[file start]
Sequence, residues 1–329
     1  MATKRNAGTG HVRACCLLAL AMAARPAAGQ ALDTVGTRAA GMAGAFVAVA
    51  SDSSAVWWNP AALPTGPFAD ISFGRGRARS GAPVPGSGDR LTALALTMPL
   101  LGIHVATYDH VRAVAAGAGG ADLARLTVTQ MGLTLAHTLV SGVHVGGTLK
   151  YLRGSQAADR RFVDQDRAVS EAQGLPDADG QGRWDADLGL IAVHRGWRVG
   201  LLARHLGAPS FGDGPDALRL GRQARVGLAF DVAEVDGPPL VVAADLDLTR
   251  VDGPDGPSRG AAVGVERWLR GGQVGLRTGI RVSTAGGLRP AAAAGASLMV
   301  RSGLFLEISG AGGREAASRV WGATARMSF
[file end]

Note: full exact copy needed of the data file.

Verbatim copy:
Sequence, residues 1–329
     1  MATKRNAGTG HVRACCLLAL AMAARPAAGQ ALDTVGTRAA GMAGAFVAVA
    51  SDSSAVWWNP AALPTGPFAD ISFGRGRARS GAPVPGSGDR LTALALTMPL
   101  LGIHVATYDH VRAVAAGAGG ADLARLTVTQ MGLTLAHTLV SGVHVGGTLK
   151  YLRGSQAADR RFVDQDRAVS EAQGLPDADG QGRWDADLGL IAVHRGWRVG
   201  LLARHLGAPS FGDGPDALRL GRQARVGLAF DVAEVDGPPL VVAADLDLTR
   251  VDGPDGPSRG AAVGVERWLR GGQVGLRTGI RVSTAGGLRP AAAAGASLMV
   301  RSGLFLEISG AGGREAASRV WGATARMSF